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He'll never walk? Just watch him run

Sunday, April 29, 2001

Stories like Denny Chipollini's almost invariably include this emotionally inadequate, technically dubious sentence.

Doctors said he would never walk again.

As if doctors, in tandem or teams, routinely approach the beds of the catastrophically injured and make formal pronouncements in those exact words. As if, even when they do, the wrecking impact of a life's contorted implications can be conveyed in such a naked, straightforward statement.

And still Denny Chipollini remembers it wasn't terribly unlike that at all.

"I remember being in bed," he said. "They'd done an operation. On the right side of my abdomen, they'd removed some muscle and put it down on my left leg. The muscle flap died within seven to eight days. They had to go back in and remove it.

"I remember lying there in that bed. My parents were there. My wife was there, and in came the doctors, and one of them said, 'He's probably not going to walk again.'"

Probably?

Not after an accident like that. On a short crossing of the rain-glazed Turnpike from Ambler to Conshohocken that Saturday morning in 1989, Denny's car hydroplaned toward a guard rail, hit a post and hopped up along the rail's upper edge like a 3,000-pound skateboard. The rail pierced the car's undercarriage.

Then it pierced Denny's.

Probably he's not gonna walk?

"When they said that," he remembers, "this is what I said: 'No way, pal.' And I started my rehab. As soon as they left the room, I raised the bed as far it would go and started doing sit-ups. I did sit-ups until my abs burned. Then I did some more. "

I revisit this darkness this morning for three reasons.

One is because Denny is coming into town for next Sunday's Pittsburgh Marathon, that weekend each spring when we are reminded of the potential of the heart and the will. Every runner can feel the accomplishment almost metabolically, right down to the cells. But as ever, it's a little more meaningful to some than others.

Within 10 months of that fateful "No way, pal," Denny Chipollini walked with a cane. Less than four years later, he ran a 5K with a prosthetic left leg. Two years, ago, he completed the Philadelphia Distance Run (13.1 miles). Last June, he finished the San Diego Rock 'n' Roll Marathon.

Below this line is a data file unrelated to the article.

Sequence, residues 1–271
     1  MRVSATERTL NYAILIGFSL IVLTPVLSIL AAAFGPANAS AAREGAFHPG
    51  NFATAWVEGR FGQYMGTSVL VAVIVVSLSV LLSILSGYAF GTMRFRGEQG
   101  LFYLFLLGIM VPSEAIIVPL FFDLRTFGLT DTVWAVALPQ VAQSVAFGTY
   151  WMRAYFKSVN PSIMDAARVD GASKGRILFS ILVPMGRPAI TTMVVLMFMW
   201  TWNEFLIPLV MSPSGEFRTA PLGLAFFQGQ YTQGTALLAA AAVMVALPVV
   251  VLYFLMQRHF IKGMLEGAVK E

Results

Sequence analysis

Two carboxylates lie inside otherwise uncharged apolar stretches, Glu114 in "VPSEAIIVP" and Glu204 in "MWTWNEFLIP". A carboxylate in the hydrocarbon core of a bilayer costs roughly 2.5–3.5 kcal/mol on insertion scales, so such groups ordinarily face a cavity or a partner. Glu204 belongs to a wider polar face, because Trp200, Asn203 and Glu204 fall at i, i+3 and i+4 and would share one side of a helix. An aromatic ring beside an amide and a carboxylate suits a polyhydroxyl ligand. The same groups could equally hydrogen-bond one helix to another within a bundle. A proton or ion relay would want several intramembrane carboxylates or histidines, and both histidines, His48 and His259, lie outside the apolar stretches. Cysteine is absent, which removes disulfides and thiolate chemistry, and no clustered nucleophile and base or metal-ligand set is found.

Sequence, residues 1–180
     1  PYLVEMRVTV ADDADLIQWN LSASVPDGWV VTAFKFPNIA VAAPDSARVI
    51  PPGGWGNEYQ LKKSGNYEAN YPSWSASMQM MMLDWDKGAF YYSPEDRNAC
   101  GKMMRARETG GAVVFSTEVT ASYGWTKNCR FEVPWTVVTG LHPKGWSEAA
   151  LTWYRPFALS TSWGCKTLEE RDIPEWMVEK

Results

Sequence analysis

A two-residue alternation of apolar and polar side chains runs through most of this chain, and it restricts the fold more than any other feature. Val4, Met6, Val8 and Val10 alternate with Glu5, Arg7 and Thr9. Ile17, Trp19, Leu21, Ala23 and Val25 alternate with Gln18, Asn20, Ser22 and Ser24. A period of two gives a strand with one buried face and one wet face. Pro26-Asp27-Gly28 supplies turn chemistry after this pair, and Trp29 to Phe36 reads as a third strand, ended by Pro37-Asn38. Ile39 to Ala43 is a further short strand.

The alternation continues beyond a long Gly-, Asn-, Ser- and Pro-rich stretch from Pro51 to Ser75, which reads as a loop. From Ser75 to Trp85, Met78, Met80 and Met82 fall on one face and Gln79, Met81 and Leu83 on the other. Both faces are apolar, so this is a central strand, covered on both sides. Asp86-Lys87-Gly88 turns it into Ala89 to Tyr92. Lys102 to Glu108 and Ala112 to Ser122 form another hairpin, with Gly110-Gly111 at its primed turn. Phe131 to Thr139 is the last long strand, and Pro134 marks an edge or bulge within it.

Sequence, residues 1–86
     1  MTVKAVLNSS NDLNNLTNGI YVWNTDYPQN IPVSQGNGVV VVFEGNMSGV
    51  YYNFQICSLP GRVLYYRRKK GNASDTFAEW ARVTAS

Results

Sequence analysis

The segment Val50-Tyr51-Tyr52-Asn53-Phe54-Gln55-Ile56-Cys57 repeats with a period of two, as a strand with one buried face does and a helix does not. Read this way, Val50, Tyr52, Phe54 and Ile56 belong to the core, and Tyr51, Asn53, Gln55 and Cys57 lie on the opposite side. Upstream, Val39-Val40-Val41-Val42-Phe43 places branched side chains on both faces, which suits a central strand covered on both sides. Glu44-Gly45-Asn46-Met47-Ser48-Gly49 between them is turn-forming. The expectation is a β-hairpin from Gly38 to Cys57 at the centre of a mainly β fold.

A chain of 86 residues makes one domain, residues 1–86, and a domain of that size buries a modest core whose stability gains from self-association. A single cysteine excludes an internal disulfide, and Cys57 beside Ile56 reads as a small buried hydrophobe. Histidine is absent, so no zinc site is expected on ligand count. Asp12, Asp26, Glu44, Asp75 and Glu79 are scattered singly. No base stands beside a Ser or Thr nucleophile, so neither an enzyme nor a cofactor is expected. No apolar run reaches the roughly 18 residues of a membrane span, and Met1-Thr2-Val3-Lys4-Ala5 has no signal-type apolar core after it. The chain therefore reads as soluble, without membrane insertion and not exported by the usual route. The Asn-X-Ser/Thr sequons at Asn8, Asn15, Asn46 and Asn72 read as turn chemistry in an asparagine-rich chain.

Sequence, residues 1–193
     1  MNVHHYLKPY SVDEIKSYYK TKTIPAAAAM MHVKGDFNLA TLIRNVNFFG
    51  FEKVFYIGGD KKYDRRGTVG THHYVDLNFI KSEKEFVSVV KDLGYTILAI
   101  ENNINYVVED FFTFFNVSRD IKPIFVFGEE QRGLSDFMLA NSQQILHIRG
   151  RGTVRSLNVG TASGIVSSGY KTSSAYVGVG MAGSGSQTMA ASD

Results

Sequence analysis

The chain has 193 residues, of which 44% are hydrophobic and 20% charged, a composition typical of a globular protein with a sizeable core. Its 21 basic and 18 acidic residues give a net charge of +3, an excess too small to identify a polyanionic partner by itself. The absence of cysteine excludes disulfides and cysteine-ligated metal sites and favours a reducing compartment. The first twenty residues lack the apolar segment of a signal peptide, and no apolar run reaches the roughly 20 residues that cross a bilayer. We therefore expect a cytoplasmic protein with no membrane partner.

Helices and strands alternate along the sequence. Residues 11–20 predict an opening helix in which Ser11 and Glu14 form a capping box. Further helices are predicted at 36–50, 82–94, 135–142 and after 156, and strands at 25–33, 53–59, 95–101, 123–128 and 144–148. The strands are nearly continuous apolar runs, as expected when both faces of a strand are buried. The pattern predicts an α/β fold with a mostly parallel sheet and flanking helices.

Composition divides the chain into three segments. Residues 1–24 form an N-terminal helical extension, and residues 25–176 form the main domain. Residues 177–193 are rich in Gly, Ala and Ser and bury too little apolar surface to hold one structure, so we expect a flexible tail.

Another is that next Sunday's Pittsburgh race is the first regional event that includes the Pittsburgh Chapter of Athletes Helping Athletes, an organization brought here by Allison Park lawyer and distance runner Lou D'Angelo.

"I was looking for a way to make my running mean a little more," said D'Angelo, now a financial services manager for Prudential. "When I met the people who volunteer in this organization, I was just blown away. They were an inspiration. Just the guts and the willpower. The physical obstacles are tough enough, but to want to compete that badly is just phenomenal. The cost of one of these [prosthetic] devices is sometimes $25,000 because they're specially made for runners, weight balanced, etc.

"I know Denny has run in a marathon with a foot that really isn't built for running. It causes him pain. People say to me, 'What do I get out of it?' Huh? How 'bout self-worth? I've got three kids, and they're all fully capable, and it's just a way of giving back, I guess. They help. They ran a lemonade stand all summer to contribute $42."

That sort of introduces the third reason. Denny has children, too. Seven-year-old Elyse and 11-year-old Nicholas. Nicholas has neurofibromatosis, a genetic disorder that causes tumors to sprout near nerve endings.

"It's devastating," Denny said. "The tumors grow in nerve-rich areas. The brain, spinal column. Puberty is a major key. That's when these tumors really grow. Freckling is a symptom. He's made fun of. That's hard. He's been complaining of headaches."

You wonder how much Denny Chipollini can carry across 26.2 miles, across a lifetime, but he says it's not about him anymore. He plans to work for sponsorship so that he can run and bike across America next year to call attention to his son's condition and to all childhood diseases.

"Something's been given to me," he said. "I've got to go into schools and hospitals and talk to kids about what they can do. I did a school just the other day. It was awesome. I came out dancin'."



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